Dow tumbles 320 points as tech sell-off outweighs encouraging jobless-claims data

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  • US stocks fell on Thursday, even as weekly jobless-claims data came in better than expected.
  • Weekly jobless claims fell by more than 30,000 from the previous week, to 860,000, though that was higher than the consensus estimate of 850,000.
  • Tech stocks led the decline as investors digested Federal Reserve Chairman Jerome Powell’s comments on Wednesday expressing uncertainty about the economic recovery and saying the Fed didn’t expect to raise interest rates until at least 2023.
  • Oil prices traded flat after reports that US stockpiles fell by 9.5 million barrels last week. West Texas Intermediate crude fell as much as 1.8%, to $39.42 per barrel.
  • Watch major indexes update live here.

US stocks fell on Thursday as investors digested weekly jobless-claims data and comments from Federal Reserve Chair Jerome Powell.

In a signal that the economic recovery from the COVID-19 pandemic is muddling along, weekly jobless claims fell by more than 30,000 from the previous week, to 860,000, slightly higher than the consensus estimate of 850,000.

Tech stocks led the decline even after the cloud-tech platform Snowflake staged the biggest initial public offering of the year on Wednesday. Its stock more than doubled in its first day of trading.

Here’s where US indexes stood shortly after the 9:30 a.m. ET market open on Thursday:

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Investors digested Powell’s Wednesday-afternoon Fed policy speech, in which he expressed uncertainty about the economic recovery. A majority of the Fed’s Board of Governors don’t expect to raise interest rates until at least 2023.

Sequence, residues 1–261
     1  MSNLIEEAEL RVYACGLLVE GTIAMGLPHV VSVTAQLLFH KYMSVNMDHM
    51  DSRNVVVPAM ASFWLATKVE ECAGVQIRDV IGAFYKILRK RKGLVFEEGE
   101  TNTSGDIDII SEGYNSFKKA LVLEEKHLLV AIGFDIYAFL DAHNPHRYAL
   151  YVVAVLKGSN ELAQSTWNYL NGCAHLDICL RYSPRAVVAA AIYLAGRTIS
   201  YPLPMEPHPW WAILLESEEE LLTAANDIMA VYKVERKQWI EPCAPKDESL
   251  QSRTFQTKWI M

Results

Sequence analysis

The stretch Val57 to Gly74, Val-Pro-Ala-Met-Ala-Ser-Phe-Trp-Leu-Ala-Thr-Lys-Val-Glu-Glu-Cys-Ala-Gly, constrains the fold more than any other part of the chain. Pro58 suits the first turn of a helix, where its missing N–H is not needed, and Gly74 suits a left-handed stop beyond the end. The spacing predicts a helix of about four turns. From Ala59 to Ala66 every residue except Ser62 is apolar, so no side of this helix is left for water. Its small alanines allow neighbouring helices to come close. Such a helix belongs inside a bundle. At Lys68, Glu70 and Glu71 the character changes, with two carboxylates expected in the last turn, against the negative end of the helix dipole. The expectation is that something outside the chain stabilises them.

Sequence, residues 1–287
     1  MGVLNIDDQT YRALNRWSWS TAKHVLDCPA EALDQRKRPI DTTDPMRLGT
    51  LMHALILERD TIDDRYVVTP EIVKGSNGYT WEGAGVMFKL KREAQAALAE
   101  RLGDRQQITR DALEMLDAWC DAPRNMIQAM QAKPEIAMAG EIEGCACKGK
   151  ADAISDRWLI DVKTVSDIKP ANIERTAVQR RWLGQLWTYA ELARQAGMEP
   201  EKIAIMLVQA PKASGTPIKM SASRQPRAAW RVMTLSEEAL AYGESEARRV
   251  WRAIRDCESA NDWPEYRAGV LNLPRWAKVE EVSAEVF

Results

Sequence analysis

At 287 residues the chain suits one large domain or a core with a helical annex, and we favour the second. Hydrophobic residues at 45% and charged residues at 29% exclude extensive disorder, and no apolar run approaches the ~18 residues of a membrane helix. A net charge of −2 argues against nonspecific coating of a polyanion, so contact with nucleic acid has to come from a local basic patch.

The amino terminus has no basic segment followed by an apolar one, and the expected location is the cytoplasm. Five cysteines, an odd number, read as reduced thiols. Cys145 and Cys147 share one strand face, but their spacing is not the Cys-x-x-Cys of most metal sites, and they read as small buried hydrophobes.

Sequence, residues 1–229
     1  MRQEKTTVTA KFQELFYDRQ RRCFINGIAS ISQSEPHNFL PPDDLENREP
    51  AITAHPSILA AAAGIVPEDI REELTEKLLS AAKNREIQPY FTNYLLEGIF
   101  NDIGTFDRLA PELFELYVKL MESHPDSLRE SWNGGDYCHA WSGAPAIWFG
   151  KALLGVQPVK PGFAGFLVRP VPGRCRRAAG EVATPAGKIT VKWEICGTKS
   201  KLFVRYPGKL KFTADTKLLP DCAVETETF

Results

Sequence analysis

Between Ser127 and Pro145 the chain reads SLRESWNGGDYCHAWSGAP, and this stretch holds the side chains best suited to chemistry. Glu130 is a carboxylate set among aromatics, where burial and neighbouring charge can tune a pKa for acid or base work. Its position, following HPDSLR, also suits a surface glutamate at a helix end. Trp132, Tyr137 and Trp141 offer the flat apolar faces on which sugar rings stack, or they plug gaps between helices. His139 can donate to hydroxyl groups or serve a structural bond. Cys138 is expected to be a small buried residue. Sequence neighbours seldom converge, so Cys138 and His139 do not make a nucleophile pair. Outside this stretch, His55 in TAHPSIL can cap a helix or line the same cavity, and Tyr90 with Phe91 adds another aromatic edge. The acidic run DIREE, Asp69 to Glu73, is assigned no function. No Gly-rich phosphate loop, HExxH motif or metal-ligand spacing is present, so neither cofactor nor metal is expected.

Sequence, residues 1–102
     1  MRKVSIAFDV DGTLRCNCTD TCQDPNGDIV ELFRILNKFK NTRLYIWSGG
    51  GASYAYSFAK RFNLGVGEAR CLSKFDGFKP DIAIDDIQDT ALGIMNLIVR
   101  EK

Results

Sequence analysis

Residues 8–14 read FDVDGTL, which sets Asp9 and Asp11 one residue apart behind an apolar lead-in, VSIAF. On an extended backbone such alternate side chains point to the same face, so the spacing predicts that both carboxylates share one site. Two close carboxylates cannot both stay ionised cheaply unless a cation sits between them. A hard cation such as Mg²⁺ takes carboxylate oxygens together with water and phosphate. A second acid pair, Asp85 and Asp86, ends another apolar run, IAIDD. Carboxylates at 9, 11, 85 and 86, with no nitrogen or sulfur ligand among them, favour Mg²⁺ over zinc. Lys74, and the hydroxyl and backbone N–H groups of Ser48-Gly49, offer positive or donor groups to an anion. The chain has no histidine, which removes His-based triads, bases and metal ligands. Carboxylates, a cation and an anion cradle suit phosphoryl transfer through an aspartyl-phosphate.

Investors are likely to turn their attention to additional stimulus measures from Congress. While Republicans and Democrats haven’t landed on the same page on a “skinny” deal, key negotiators have seemed increasingly optimistic about a deal.

President Donald Trump on Wednesday said Republicans should warm up to the idea of sending bigger direct payments to Americans.

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Elsewhere, Yelp said in a report that 60% of the 163,735 businesses that had closed in the US as of August 31 because of the pandemic wouldn’t reopen, suggesting that small businesses have fared worse than big ones. The total business closures represented a 23% jump since mid-July, Yelp said.

The SPAC craze continued as Richard Branson announced plans to launch a $400 million special-purpose acquisition company. Branson has experience with SPACs: His Virgin Galactic went public via merging with a SPAC led by the billionaire investor Chamath Palihapitiya.

Spot gold fell as much as 1.3%, to $1,933.17 per ounce. The US dollar extended its decline while Treasury yields rose slightly.

Crude-oil futures fell after the American Petroleum Institute reported that US inventories fell by 9.5 million barrels last week, according to Bloomberg. West Texas Intermediate crude fell as much as 1.8%, to $39.42 per barrel. Brent crude, oil’s international standard, fell 1.7%, to $41.50 per barrel, at intraday lows.

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